Peter Lombard on God’s Knowledge and Its Capacities: Sententiae, Book I, Distinctions 38-39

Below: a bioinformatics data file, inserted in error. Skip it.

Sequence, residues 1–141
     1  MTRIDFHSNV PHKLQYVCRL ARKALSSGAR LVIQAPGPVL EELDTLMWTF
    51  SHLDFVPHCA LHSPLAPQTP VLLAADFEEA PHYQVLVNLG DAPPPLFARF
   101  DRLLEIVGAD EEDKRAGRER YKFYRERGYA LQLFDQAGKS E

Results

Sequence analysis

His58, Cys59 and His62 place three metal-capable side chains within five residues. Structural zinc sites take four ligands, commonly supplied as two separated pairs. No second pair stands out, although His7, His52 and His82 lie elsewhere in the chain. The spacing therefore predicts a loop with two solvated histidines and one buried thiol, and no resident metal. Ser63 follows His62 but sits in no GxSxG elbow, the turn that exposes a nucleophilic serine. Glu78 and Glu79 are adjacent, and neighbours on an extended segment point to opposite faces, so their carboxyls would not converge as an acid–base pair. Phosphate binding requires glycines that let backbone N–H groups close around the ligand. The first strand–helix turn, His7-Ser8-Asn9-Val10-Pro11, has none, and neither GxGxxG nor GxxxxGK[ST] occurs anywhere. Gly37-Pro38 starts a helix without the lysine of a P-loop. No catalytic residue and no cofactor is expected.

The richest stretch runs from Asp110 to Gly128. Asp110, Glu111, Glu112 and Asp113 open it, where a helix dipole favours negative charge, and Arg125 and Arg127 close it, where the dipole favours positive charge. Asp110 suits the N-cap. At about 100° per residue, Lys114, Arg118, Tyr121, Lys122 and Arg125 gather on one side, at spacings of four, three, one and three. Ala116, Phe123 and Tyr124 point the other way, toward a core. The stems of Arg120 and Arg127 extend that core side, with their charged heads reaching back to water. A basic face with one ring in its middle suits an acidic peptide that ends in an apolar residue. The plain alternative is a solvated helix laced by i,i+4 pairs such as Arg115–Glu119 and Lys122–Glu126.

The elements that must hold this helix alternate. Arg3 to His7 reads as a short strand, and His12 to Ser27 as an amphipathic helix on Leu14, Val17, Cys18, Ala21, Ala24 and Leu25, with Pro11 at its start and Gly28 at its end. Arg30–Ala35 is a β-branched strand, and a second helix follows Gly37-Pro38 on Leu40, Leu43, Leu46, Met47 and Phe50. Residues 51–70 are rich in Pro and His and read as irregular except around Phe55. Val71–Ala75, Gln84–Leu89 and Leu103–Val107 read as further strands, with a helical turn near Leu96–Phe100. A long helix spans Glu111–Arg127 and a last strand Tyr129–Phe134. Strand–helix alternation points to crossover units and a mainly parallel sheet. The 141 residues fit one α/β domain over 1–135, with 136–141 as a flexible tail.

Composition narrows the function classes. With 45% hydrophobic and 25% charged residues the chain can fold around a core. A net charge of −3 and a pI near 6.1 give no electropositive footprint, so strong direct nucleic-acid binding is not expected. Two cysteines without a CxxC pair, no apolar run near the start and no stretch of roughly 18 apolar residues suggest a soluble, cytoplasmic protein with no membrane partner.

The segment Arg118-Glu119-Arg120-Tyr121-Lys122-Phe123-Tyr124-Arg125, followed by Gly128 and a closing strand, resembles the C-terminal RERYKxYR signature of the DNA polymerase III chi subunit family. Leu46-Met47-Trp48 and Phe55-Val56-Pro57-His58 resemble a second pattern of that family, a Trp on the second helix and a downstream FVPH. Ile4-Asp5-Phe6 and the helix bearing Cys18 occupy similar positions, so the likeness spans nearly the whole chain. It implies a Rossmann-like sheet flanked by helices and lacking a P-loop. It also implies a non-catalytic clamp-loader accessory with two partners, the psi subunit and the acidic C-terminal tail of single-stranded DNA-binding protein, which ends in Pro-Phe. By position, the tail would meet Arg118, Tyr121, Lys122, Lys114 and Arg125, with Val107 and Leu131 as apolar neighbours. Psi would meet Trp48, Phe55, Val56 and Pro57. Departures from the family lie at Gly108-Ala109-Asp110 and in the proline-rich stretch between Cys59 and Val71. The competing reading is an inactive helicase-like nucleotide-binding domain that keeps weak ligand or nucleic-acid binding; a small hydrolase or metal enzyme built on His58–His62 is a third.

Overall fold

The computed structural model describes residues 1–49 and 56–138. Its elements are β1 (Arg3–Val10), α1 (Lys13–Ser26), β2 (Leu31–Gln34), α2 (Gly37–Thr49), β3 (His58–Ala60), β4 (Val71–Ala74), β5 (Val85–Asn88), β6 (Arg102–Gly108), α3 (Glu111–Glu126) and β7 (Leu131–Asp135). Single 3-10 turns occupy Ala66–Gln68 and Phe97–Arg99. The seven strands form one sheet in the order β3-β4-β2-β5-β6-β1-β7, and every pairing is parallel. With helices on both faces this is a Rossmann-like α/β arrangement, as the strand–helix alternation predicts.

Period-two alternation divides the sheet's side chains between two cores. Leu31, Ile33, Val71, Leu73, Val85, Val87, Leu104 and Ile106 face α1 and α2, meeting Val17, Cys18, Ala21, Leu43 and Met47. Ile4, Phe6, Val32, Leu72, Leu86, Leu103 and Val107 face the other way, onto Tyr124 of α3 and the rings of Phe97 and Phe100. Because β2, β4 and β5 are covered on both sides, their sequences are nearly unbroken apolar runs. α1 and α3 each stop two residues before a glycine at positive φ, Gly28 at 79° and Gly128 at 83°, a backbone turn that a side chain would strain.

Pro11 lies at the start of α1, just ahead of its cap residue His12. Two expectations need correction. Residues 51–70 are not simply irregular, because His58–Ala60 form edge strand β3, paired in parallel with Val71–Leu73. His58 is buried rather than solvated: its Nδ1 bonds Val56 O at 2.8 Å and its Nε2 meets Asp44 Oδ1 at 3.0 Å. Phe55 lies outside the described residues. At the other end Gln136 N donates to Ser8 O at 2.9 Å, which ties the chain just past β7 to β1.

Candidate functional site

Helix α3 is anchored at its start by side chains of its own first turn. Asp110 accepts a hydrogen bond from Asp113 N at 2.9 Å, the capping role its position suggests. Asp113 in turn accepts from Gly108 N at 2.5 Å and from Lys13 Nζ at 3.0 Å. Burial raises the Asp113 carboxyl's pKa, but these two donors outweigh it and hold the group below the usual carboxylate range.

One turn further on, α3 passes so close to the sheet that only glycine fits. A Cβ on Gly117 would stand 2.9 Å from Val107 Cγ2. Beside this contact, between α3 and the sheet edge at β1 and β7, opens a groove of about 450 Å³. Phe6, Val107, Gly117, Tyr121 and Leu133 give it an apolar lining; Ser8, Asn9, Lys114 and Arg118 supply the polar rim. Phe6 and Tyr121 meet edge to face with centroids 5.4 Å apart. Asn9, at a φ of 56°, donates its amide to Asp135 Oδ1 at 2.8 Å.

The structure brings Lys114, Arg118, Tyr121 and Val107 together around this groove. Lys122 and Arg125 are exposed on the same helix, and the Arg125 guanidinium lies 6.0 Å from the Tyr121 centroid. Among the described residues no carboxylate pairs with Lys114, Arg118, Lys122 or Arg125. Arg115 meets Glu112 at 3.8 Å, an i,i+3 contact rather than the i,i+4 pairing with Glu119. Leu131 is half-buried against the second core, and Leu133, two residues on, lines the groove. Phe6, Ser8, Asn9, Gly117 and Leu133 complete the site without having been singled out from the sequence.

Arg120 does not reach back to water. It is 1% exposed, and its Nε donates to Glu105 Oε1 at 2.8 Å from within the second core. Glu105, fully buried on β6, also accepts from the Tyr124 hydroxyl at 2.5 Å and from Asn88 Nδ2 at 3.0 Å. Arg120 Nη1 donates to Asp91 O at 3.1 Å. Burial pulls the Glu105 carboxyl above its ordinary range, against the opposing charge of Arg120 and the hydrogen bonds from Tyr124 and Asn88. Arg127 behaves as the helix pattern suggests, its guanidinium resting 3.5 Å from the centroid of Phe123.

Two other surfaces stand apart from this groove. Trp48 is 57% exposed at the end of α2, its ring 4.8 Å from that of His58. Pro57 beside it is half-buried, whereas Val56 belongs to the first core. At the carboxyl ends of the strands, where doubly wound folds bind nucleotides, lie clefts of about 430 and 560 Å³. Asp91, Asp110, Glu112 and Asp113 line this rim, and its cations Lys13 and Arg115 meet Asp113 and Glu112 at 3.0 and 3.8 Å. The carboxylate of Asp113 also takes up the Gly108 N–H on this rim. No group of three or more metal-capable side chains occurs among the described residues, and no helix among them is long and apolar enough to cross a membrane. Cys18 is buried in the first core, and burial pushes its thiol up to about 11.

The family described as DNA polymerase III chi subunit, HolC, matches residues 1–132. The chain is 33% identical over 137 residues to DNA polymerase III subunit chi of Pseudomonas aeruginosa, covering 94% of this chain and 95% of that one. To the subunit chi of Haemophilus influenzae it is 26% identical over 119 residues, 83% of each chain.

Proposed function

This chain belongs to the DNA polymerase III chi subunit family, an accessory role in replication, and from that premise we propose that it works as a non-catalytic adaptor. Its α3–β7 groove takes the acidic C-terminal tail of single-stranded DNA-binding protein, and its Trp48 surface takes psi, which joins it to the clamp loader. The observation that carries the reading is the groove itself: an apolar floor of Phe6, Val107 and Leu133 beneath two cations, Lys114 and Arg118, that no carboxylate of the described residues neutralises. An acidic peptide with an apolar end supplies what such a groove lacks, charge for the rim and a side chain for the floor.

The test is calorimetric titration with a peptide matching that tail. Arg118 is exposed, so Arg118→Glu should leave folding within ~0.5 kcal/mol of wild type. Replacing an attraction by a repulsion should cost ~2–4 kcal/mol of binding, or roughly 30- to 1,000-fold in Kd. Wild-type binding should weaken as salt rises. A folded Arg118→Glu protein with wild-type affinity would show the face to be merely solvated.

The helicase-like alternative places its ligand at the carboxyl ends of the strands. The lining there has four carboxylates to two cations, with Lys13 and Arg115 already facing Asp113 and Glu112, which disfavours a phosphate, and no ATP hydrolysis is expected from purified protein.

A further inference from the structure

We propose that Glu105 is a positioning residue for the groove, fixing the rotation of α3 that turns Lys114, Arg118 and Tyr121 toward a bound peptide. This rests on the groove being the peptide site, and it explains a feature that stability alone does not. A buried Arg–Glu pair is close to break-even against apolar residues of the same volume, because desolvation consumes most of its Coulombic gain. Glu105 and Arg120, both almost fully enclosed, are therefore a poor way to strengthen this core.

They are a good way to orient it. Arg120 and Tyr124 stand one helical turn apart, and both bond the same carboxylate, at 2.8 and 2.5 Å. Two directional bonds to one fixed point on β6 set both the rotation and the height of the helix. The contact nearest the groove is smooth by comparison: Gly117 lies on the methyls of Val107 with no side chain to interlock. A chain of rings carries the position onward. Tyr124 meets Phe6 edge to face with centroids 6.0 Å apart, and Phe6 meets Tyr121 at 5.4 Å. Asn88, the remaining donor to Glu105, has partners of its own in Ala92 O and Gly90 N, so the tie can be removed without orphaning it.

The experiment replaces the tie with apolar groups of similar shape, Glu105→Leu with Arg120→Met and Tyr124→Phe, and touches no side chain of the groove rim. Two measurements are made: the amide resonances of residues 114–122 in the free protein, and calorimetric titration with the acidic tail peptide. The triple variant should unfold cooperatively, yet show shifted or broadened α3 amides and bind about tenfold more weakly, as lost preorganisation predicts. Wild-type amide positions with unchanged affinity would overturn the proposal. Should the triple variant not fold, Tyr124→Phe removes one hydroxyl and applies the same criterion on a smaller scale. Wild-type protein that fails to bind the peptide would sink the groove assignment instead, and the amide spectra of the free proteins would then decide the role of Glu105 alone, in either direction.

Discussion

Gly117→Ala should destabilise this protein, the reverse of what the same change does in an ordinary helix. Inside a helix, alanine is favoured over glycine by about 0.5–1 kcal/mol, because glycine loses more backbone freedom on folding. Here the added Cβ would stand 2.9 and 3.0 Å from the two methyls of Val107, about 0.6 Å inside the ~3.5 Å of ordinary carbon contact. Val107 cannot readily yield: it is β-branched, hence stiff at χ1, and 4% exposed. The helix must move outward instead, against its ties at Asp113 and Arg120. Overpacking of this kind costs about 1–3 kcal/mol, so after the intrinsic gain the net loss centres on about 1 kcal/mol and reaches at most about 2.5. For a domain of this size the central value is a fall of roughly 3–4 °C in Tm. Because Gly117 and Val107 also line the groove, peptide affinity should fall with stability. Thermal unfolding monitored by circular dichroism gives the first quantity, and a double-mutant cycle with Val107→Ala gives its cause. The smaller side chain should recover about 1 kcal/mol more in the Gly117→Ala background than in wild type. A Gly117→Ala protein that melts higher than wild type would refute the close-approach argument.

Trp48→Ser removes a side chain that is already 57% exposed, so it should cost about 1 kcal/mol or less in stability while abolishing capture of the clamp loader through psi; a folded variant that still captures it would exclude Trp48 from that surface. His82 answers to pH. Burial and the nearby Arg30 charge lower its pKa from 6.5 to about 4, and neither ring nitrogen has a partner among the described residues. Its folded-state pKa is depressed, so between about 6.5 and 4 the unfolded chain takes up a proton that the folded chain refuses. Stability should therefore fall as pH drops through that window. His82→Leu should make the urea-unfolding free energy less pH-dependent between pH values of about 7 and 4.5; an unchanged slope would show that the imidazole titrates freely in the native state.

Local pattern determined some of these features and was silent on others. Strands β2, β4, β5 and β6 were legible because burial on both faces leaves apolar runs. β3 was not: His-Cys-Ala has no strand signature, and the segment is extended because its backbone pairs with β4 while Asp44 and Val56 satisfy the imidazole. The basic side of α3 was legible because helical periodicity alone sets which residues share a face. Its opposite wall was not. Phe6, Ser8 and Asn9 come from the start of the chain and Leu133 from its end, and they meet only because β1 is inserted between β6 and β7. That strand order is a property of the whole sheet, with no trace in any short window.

The global Peter Lombard research reinaugurated in 1990s has resulted in a number of recent publications, but the Master of the Sentences’ theology proper is partially underreseached. In particular, a more detailed exposition of the distinctions 35-41 of his Book of Sentences is needed in order to clarify his doctrine of God’s knowledge and its relation to the human free will. The article builds on the earlier established evidence that, for Peter Lombard in distinctions 35-38, God’s knowledge, in general, is not causative, although some causative power has to be ascribed to God’s knowledge of the good. The last part of distinction 38 and the content of distinction 39 further analyze the capacities and functionalities of the divine omniscience and explain how it interacts with acts of human will. The key question here deals with the problem of alternative states of affairs: whether something may be otherwise than God foreknew. As it is shown, Master Peter agrees that it is possible for created things and events to be otherwise than they are, but insists that God’s knowledge must be in any case exhaustive and infallible. He uses a number of logical tools to defend the thesis about God’s perfect knowledge and the possibility of things happening otherwise, but lacks strict definition of the notion of “possibility” used here. The study concludes that in few cases Lombard’s posse could mean a potency or a simple logical possibility, or the diachronic contingency, but the overall theological statement is clear: potentially, God’s knowledge can be different or include alternative state of affairs but it cannot change.
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